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John Todd

Identification of molecular and cellular mechanisms of autoimmune disease

The JDRF/Wellcome Trust Diabetes and Inflammation Laboratory (DIL) is a group of multidisciplinary investigators within the CIMR spanning computational biology to basic immunology and focused on identifying, understanding and modulating therapeutically the aetiological pathways that cause the common autoimmune disease, type 1 diabetes (T1D).

In collaboration with my Co-Director, Linda Wicker, and the groups within the DIL, we aim to identify and characterise the function of genes that contribute to disease susceptibility in humans (see Linda’s research page for further achievements). For example, the T1D genes CTLA4, IL2R (CD25), BACH2, PTPN2, PTPN22, IFIH1, IL21 and IL2 (ImmunoBase.org) underpin the function of FOXP3+CD25+CD4+ regulatory T cells (Tregs) and their balanced activity to suppress potentially autoimmune T effector cells (Teffs). Enhancing Treg function and modulating Teffs are therapeutic targets in T1D and the subject of intense investigation, forming the basis of our Translational Medicine Group, which we have set up successfully in the past 12 months, led by Dr Frank Waldron-Lynch.

Previously, we reported that higher expression of CD25 on memory CD4+ T cells (determined by genotype), which provides homeostatic levels of IL-2 required for Treg activity, correlates with protection from T1D; hence ways of enhancing homeostatic IL-2 production could be therapeutic. We have been characterising Tregs and Teffs (and other cells, including naïve T cells) at the cellular and molecular levels with the aim of increasing Treg CD25 expression and activity. In the last 12 months, one major new approach has been the design and execution of our first mechanistic study: an in vivo analysis of the effects of administering ultra-low-dose IL-2 to T1D patients  (Adaptive study of IL-2 dose on regulatory T cells in Type 1 diabetes; DILT1D; Chief Investigator, Frank Waldron-Lynch; http://www.clinical-trials-type1-diabetes.com/); in April 2014, only 12 months since DILT1D started, we have recruited all 40 patients and will be analysing and extending the results of this trial. This approach complements and contrasts with our studies of gene-to-phenotype (http://www.cambridgebioresource.org.uk/) and case versus control immunophenotypic alterations in that we can study patients’ immune systems within an individual across time, with reduced assay variation observed in comparisons across individuals.

We study other genetically identified pathways, for example, the IL-6 pathway.  We have shown that an allele of an amino acid-changing DNA polymorphism in the IL-6 receptor gene protects from T1D and several other diseases by lowering signalling through this proinflammatory receptor. Furthermore, we have shown using bioinformatics (Olly Burren) — in particular, the ImmunoBase database we have created to facilitate cross-disease analyses (https://www.immunobase.org/page/Welcome/display) —  and statistical approaches (Chris Wallace) that the genetics of T1D overlap to the greatest extent with that of juvenile idiopathic arthritis (JIA). In a birth cohort of children at high risk of T1D we have discovered a type 1 interferon gene expression signature, which includes the T1D gene, IFIH1, that precedes autoantibody seroconversion. We have also discovered a biomarker for this IFN signature that can be analysed by flow cytometry analysis of SIGLEC-1 receptor expression on monocytes. We have reproduced and extended observations that vitamin D precursor can be metabolised to the active hormone in T cell activation cultures, which leads to an increase in the negative immune regulatory molecule CTLA-4 in Teffs. By correlating the most associated T1D risk SNPs across the known T1D loci, we have found that these SNPs often colocate with enhancer sequences and that this enrichment is most significant when foetal thymus tissue and primary T and B cells are analysed (http://www.broadinstitute.org/mammals/haploreg/haploreg.php).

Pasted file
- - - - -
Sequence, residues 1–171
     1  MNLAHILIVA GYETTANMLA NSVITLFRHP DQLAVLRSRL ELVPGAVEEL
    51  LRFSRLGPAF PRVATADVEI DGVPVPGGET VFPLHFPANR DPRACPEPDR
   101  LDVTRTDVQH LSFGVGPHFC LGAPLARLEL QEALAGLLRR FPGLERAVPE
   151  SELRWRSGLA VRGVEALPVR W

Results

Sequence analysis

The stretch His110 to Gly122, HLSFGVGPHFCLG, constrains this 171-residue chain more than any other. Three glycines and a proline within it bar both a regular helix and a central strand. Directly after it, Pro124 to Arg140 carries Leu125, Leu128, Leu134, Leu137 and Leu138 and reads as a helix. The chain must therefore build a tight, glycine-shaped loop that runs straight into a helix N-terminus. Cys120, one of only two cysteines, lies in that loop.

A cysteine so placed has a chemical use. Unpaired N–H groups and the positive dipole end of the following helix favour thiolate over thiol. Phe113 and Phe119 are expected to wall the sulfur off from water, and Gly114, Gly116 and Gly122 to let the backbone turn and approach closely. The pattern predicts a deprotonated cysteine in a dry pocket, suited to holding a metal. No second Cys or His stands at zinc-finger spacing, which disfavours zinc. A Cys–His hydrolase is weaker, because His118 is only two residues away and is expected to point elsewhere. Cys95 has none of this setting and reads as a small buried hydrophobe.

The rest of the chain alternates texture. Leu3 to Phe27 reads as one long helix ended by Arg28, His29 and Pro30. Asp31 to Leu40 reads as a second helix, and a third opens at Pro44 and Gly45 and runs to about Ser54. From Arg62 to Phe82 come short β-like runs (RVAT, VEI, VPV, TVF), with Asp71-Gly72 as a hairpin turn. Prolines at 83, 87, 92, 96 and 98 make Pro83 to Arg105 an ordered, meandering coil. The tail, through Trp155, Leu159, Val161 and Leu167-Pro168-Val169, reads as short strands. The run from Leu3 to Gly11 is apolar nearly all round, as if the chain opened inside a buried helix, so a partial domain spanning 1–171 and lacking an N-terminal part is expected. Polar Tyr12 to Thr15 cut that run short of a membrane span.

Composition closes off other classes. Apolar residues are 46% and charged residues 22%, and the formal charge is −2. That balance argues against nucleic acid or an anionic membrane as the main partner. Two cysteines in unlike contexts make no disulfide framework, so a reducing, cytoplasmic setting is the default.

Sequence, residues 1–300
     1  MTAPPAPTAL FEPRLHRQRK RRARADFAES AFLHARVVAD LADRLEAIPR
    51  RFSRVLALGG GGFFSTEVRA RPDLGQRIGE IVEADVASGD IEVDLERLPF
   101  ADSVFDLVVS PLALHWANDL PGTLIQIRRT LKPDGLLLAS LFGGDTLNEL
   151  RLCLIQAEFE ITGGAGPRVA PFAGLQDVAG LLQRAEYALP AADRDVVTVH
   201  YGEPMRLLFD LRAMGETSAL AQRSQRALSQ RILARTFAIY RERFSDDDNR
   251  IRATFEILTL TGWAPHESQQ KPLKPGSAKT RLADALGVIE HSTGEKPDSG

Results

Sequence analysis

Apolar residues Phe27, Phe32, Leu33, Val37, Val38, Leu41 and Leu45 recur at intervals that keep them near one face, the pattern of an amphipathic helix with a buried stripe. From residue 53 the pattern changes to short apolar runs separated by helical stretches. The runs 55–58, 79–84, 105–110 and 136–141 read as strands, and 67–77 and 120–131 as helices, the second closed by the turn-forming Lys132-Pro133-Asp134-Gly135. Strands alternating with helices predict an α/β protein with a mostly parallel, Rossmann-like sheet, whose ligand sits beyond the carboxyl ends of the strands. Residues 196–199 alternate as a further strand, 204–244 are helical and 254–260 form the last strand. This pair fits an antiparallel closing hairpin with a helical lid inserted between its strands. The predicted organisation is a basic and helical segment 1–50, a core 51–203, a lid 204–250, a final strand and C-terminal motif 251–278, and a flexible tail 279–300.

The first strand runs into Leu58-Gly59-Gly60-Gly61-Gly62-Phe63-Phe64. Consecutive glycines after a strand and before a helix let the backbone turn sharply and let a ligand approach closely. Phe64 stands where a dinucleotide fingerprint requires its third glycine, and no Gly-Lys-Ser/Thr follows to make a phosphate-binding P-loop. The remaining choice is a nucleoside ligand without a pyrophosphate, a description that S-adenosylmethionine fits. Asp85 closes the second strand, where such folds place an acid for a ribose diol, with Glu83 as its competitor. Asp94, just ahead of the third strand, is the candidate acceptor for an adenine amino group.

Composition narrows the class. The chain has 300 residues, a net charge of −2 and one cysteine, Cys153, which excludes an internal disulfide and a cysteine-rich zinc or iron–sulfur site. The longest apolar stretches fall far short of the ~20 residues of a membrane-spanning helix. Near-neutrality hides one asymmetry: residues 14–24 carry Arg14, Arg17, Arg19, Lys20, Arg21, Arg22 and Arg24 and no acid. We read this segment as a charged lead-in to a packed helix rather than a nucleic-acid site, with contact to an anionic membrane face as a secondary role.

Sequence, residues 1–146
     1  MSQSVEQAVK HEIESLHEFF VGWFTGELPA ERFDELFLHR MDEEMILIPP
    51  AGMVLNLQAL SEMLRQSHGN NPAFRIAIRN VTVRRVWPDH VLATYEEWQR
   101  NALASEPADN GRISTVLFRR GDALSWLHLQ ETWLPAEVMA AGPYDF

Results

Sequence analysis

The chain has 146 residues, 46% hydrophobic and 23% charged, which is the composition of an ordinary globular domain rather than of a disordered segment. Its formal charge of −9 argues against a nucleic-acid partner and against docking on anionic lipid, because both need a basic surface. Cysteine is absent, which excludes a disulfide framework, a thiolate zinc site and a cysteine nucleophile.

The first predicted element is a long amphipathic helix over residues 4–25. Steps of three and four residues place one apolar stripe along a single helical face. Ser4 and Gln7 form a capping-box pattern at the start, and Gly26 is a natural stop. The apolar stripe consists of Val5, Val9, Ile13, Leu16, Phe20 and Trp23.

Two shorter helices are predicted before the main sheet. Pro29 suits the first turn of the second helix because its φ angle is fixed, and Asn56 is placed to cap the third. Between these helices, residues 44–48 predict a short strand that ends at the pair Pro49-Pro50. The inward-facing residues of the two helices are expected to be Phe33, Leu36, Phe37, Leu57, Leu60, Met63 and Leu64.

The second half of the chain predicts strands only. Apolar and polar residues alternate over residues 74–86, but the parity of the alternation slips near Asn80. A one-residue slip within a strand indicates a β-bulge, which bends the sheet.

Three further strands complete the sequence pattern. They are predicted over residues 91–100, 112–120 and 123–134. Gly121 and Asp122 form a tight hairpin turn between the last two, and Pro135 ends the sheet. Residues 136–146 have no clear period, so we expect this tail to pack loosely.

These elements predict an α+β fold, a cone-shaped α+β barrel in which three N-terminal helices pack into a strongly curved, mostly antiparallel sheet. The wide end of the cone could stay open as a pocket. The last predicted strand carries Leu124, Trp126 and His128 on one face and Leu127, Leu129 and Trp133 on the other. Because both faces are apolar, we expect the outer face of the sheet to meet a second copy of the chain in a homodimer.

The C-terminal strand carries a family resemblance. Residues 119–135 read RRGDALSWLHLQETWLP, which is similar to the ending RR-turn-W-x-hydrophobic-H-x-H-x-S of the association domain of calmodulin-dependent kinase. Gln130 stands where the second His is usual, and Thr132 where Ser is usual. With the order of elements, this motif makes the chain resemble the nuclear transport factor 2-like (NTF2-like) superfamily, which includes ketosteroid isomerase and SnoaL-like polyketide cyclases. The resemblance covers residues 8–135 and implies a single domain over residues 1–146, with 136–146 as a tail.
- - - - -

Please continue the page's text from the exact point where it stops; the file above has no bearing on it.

Future directions

Ongoing analyses of DILT1D have enabled us to secure funding from the Sir Jules Thorn Charitable Trust for a mechanistic study aimed at optimising the frequency of IL-2 dosing. We anticipate this trial will start in the summer of 2014 and be completed at the end of 2015. We will also continue phenotypic and functional studies in our ongoing characterization of the human immune system, including prioritisation of genes, molecules and pathways that might be therapeutically tractable.

Key papers

Ferreira, R.C., Guo, H., Coulson, R.M.R., Smyth, D.J., Pekalski, M.L., Burren, O.S., Cutler, A.J., Doecke, J.D., Flint, S., McKinney, E.F., Lyons, P.A., Smith, K.G.C., Achenbach, P., Beyerlein, A., Dunger, D.B., Wicker, L.S., Todd, J.A., Bonifacio.E., Wallace, C. and Ziegler, A.-G. A type I interferon transcriptional signature precedes autoimmunity in children genetically at-risk of type 1 diabetes.  Diabetes (2014).

Ferreira, R.C., Freitag, D.F., Cutler, A.J., Howson, J.M.M., Smyth, D.B., Kapotage, S., Clarke, P., Boreham, C., Coulson, R.M., Pekalski, M.L., Wei-Min, C., Onengut-Gumuscu, S., Rich, S.S., Butterworth, A.S., Malarstig, A., Danesh, J. & Todd, J.A.  (2013)  Functional IL6R variant impairs classical IL-6 receptor signalling and influences risk of diverse inflammatory diseases.  PLoS Genet. 9, e1003444 (2013).